By Ioanna Fotiadi
Like a tornado, the economic crisis has scattered thousands of Greeks to the four corners of the earth, though this is by no means a new phenomenon for a country where wages have been invariably low and the job market sluggish, especially for scientists and other specialized workers.
But with the situation in Greece as it is, there are also those who are already studying and working abroad, and who are putting off past plans to return, or the repatriated children of migrants who are using their dual citizenship status to return to their adopted homelands.
Either way, the basic characteristic of the current flight trend is that the wave began with a majority of emigres that were highly educated and qualified, then spread to families and then to unspecialized laborers.
The beginning of the crisis in 2009 saw hundreds of young Greek doctors leaving for Sweden, Germany and the UK, where they sought specialized training. The next group to head west was mechanical engineers, who saw the heyday of 2004 come crashing down in 2010 as the construction market began to collapse and infrastructure works froze.
Many find openings, such as in Germany where the manpower organization has been advertising for doctors and mechanical engineers for months. The same is not necessarily true for young people who do not have a university degree as they often find it difficult to be absorbed into the unspecialized labor market, especially in Germany, where, according to that country’s statistical service, the number of Greeks looking for work rose 90 percent in 2011 compared to the previous year with 23,800 new emigres.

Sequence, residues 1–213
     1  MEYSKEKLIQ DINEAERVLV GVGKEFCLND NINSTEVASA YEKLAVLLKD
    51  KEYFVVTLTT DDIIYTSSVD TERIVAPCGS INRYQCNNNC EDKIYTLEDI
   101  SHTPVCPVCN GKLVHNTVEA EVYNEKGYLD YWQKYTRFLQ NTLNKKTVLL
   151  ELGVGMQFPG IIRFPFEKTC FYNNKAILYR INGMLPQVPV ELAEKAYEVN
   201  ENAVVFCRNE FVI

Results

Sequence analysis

As far as the rest of Europe is concerned, 55,332 Greek degree holders have submitted their resumes to the Europass scheme so far in 2012.
Cyprus is also proving an attractive destination for Greek job seekers, both because there is no language barrier and because hundreds of Greek companies have moved their headquarters there, as well as to other countries in the Balkans that offer a more favorable investment environment.
As the economic crisis takes its toll on employment throughout the European Union, however, Greek potential emigres are looking further afield. Australia is at the top of the list, especially given the large Greek population in the state of Victoria, where the Greek community has organized a scheme to assist in the transition.
Engineers are more attracted to construction-boom countries like Qatar in the Gulf, as well as in developing nations in Africa, where expertise in the construction of large public works, such as railways, roads and stadiums, is a passport into the halls of the big multinational corporations that are active there.